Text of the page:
The Assad regime's "days are numbered," US Secretary of State Hillary Clinton said Sunday, CNN reported.
"There is no doubt that the opposition is getting more effective in their defense of themselves and in going on the offense against the Syrian military and the Syrian government's militias," Clinton told reporters at a conference about Afghanistan in Tokyo on Sunday, Voice of America reported.
"So the future, to me, should be abundantly clear to those who support the Assad regime: the days are numbered," Clinton added.
However, Clinton has acknowledged that UN special envoy Kofi Annan's efforts to broker a peace plan in Syria have proven to be unsuccessful, Al Jazeera English reported.
"What Kofi Annan said should be a wake-up call to everyone because he acknowledged that there has not been movement by the Syrian regime in accordance with the six-point plan," Clinton said. "The sooner there can be an end to the violence and a begetting of a political transition process, not only will fewer people die, but there's a chance to save the Syrian state from a catastrophic assault that would be dangerous not only to the country, but the region."
More from GlobalPost: Kofi Annan plan for Syrian unity government 'wins Russian support'
Syria's foreign ministry confirmed that Annan will visit Damascus on Monday, Al Jazeera reported.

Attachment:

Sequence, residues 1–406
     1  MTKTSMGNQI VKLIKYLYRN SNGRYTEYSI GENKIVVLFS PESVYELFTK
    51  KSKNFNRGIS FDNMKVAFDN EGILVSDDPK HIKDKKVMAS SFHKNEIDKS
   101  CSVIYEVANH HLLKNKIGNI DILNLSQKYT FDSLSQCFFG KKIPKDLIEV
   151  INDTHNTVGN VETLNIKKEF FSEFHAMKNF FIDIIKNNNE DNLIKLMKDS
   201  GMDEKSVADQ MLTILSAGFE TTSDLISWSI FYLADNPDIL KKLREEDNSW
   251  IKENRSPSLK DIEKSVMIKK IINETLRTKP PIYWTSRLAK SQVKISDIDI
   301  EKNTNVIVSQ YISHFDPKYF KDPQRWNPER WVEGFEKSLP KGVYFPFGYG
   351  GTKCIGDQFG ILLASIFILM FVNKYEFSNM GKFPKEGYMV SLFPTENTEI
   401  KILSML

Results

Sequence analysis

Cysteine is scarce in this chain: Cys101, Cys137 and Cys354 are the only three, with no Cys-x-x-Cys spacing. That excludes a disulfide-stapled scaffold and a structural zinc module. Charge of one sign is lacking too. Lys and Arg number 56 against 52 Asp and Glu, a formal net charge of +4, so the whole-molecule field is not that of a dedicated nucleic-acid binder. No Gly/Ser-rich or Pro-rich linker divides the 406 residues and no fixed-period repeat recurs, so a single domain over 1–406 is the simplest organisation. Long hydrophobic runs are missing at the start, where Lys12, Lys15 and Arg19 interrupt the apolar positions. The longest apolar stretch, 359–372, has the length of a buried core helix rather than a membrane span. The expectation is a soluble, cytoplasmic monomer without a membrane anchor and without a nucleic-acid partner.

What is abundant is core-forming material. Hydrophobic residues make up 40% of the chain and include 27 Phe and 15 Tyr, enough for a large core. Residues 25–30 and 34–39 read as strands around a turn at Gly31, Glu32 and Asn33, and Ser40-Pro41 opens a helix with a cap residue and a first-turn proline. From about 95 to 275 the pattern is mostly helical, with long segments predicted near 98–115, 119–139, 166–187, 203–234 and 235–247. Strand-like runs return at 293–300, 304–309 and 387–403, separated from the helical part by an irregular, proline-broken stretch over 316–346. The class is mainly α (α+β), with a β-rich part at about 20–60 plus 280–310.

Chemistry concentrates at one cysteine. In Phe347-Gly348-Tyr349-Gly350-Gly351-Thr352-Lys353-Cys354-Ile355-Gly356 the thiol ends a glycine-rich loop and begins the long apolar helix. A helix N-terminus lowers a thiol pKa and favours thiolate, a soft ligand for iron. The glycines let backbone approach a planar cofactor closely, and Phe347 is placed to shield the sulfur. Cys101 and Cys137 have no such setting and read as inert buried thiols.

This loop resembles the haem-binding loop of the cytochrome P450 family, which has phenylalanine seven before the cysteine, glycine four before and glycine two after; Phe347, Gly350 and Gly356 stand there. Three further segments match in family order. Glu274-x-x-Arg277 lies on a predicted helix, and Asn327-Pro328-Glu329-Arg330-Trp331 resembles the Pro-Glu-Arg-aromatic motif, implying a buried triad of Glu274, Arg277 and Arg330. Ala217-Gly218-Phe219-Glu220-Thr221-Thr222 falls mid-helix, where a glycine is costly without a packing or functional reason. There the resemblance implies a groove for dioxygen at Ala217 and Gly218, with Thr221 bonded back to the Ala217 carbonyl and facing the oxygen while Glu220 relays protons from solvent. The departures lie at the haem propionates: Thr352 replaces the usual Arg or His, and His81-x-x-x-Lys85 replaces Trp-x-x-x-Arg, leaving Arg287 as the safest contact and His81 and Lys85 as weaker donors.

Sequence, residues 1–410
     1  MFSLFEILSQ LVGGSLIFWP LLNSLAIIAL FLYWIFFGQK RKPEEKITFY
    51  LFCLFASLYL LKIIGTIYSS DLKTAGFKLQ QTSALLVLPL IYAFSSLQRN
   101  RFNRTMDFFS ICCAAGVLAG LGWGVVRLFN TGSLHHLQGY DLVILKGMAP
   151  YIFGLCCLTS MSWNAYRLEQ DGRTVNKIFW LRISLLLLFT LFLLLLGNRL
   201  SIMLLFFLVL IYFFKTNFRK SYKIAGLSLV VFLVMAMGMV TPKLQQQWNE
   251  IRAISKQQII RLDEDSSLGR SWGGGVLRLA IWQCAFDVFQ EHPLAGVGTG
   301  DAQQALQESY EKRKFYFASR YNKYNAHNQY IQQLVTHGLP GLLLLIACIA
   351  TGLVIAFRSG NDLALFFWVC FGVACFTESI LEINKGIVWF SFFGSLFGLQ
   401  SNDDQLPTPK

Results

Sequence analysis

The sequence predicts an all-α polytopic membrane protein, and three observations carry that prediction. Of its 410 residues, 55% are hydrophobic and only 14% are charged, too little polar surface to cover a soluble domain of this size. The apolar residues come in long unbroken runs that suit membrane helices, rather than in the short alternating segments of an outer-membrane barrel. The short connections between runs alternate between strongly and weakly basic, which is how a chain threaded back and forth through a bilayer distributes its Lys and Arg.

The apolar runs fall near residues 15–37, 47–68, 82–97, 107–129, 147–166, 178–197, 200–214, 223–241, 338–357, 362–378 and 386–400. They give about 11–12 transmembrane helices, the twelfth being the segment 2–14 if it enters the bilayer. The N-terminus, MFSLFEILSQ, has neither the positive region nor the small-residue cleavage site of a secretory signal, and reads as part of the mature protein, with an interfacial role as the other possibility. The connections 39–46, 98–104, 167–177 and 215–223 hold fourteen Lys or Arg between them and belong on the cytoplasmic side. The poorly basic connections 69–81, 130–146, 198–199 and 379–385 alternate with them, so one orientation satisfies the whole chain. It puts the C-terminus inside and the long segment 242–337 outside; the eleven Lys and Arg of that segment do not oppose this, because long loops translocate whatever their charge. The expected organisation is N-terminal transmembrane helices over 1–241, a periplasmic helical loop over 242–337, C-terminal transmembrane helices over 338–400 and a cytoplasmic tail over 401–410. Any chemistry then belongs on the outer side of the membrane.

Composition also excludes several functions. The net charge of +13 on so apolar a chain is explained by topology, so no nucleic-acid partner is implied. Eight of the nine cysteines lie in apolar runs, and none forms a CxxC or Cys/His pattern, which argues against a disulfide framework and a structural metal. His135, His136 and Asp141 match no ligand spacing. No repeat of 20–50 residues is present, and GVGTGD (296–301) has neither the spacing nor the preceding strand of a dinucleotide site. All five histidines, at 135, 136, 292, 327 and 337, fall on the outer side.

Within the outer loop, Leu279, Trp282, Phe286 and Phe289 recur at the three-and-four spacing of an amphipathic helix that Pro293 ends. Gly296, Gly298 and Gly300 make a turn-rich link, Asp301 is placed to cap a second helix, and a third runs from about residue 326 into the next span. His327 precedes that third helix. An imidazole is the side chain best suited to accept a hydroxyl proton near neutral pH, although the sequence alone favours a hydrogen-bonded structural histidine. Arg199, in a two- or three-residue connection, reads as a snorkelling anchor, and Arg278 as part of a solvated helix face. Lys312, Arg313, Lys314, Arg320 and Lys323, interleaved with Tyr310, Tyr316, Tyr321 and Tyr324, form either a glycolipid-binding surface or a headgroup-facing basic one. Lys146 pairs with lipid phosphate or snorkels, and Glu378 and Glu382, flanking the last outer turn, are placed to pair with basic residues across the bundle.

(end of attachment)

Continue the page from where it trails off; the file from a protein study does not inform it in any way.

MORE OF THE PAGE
"It is confirmed that Mr Annan will visit Damascus, within the framework of his mission, for discussions with the Syrian leadership on the subject of the six-point plan," said ministry spokesman Jihad Makdissi.
In an interview with French newspaper Le Monde, Annan said that “evidently we haven’t succeeded” in finding a political solution to the violence in Syria, Bloomberg reported.
Annan also acknowledged Russia and Iran as notable stakeholders in the region.
"Russia wields influence but I am not sure that the events will be determined by Russia alone... Iran is an actor. It has to be part of the solution. It has influence and we cannot ignore it," Annan told Le Monde, Agence France Presse reported.
However, UN Secretary-General Ban Ki-moon has said that the United Nations can continue to play a crucial role in the violence-ravaged country, according to a report to be presented to the Security Council that was obtained in advance by CNN.
More from GlobalPost: Syrian shelling hits Lebanon, shelling 5
Over 17,000 people have died in Syria since the uprising against Assad began last March, the Britain-based Syrian Observatory for Human Rights told Agence France Presse.
On Sunday, Syrian forces attacked Aleppo and Deir Ezzor provinces, killing 13 people, including 10 civilians, the Syrian Observatory for Human Rights told Al Jazeera. 77 people were killed on Saturday, among them 39 civilians, 25 soldiers and 13 rebels.
The violence from Syria spread into northern Lebanon on Saturday, resulting in the deaths of five and and sparking worries that the violence could spread to Syria's neighboring countries.